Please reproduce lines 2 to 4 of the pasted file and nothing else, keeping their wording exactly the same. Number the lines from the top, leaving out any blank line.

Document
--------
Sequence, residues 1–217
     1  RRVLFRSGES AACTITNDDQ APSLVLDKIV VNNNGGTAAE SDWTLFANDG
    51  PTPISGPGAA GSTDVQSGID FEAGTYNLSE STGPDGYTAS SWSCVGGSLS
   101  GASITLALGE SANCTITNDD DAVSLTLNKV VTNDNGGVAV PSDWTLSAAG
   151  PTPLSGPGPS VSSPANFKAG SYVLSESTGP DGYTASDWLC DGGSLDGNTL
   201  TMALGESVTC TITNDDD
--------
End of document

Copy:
     1  RRVLFRSGES AACTITNDDQ APSLVLDKIV VNNNGGTAAE SDWTLFANDG
    51  PTPISGPGAA GSTDVQSGID FEAGTYNLSE STGPDGYTAS SWSCVGGSLS
   101  GASITLALGE SANCTITNDD DAVSLTLNKV VTNDNGGVAV PSDWTLSAAG